SONY DSC014362In Italy they call it Ora Blu.  In Germany they call it Blaue Stunde.   In Spain it’s called La Hora Azul.  And in France, where it originated, it’s L’Heure Bleue.  I just call it a magical time of day. Technically, it’s at early dawn and at dusk when the sun is just below the horizon and the indirect light takes on a predominantly deep blue hue due to the diffusion of the shorter wavelength of blue light compared with the comparatively longer wavelength of red light.   Personally, I don’t look for a scientific explanation, I just sit back and marvel at the results

It typically lasts for about 45 minutes, just before the sun rises and right after it dips below the horizon, and is most effective when the sun is setting or rising behind a body of water and the sky and sea merge together.     The unique light of the Blue Hour is revered by both artists and photographers, who refer to it as the “sweet light”.   It is also celebrated in song.  In Roy Orbison’s “When the Blue Hour Comes” he laments that “Good Times Don’t Last Forever.”   In “L’Heure Bleue,” Françoise Hardy sings “Où tout devient plus beau, plus doux, plus lumineux” (where everything becomes more beautiful, softer, brighter).   And Bing Crosby famously sang about “When the blue of the night meets the gold of the Day.”  There’s even a perfume by Guerlain called L’Heure Bleue.    And in France they refer to it as the hour of confusion, the time when it is neither day nor night.  A time when devious people are up to no good and good people are tempted.   But it is also a time for enjoyment, especially when you are dining al fresco with friends and family.

Our First full day in Italy would be spent in Portofino.  Having visited this famous seaside resort previously, I knew the afternoon would be spectacular.   So, I wanted to end our day in an equally spectacular fashion.  Our hotel in Rapallo was the Hotel Italia and Lido, a hotel that has its roots going back to 1931, when Luigi Pola, an experienced hotelier and restaurateur from the Alto Adige, fell in love with the area and bought the Lido guest house and adjacent Hotel Italia.   A few steps from the historic city center and adjacent to the medieval castle, the hotel has a breathtaking view of the Gulf of Tigullio and the Portofino promontory.   The hotel restaurant (Ristorante Grande Italia) specializes in the flavors and aromas of Liguria and tries to provide a meal that satisfies all the senses.  The menu looked outstanding, that coupled with their emphasis on local ingredients and the marvelous location, made this an ideal choice for our welcome to Italy dinner.


So, before leaving home, I contacted Beatriz Lagos-Pola, not only the manager of the hotel but the granddaughter of founder Luigi Pola, about having dinner at the Ristorante Grande Italia.   After discussion with the group, we decided not to have our dinner on our first night in Italy when we would be too exhausted to enjoy our feast, but the second night when we had not only begun to adjust to our new time zone but to the Dolce Vita way of life.  Weather permitting, the dinner wouldn’t be in the dining room, but behind the hotel on the promenade along the water, with the castle and the Mediterranean as a backdrop.  And because we would be dining at sunset, and experiencing the Ora Blu in an optimal setting, I knew that this dinner held the promise of being something really special.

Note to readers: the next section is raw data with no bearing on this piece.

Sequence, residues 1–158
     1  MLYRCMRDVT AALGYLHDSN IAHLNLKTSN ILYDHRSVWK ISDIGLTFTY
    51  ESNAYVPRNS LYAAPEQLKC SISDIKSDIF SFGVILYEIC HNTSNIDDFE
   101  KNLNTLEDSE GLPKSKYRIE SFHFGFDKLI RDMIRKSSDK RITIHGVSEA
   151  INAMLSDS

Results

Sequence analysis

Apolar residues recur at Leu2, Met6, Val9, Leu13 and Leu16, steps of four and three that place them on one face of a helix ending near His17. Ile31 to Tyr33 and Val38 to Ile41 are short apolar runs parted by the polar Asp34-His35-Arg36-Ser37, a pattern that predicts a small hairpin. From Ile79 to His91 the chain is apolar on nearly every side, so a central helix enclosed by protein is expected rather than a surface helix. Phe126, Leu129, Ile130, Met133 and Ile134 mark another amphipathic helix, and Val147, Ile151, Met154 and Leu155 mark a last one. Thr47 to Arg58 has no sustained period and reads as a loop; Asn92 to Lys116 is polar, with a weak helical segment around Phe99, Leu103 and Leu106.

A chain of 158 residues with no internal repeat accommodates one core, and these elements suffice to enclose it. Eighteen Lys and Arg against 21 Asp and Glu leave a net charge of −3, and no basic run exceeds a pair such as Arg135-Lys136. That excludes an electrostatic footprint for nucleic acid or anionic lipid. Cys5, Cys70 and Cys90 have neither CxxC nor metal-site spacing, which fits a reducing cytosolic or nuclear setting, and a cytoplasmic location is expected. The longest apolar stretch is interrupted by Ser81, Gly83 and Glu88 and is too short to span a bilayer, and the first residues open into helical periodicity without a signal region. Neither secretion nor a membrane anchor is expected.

5-img_5921After discussion with Beatriz, I decided to go with a fish menu.  Not just because it was Friday in Italy, but being a Mediterranean town, seafood just seemed the thing to do.   Dinner started off with an unexpected pesto-making demonstration from Chef Andrea Bruzzone, who is from the  Sampierdarena area of Genoa, a region renown for its pesto.  The chef explained to us that it was important not to make the pesto with a food processor, but make it by hand.  Not only is the texture improved, but the taste is quite different.  After our pesto tasting, which was simply delicious, we started with an Antipasto Misto di Pesce (mussels, shrimp, langoustines).   This was followed by Spaghetti alle Vongole (with clams like you never see back in New York) and Bronzino Grigliato con Verdure (simple in preparation, but extraordinary in taste).  For the final course we went with 7-img_5927an assortment of local cheeses.   And of course there was wine.  For the white we had a Pigato from Torre Pernice and for the red we had a Ciliegiolo from Azienda Agricola Pino Gino in Portofino.   The pigato, which was from a vineyard near Albengna, a town on the Riviera di Pontente between Savona and Imperia, was a light wine with an aromatic bouquet with hints of peaches and apricot.  The Ciliegiolo was a dark ruby color with aromas of cherries, which is not surprising since the name of the grape means cherry in Italian.   Coffee and after-dinner drinks followed.   And even though jet lag was beginning to catch up with us, nobody left the table.  We were all caught up in the Blue Hour, which continued for us well into darkness.

The weather was perfect, our view of the Mediterranean sensational, the sound of the waves lapping on the shore soothing, the food and wine outstanding and even though the atmosphere was blue, our mood was anything but.  Call it Ora Blu, Blaue Stunde, La Hora Azul, L’Heure Bleue or the Blue Hour;  it really doesn’t matter.    For me, it was simply a moment in time when the entanglements of life did not exist.




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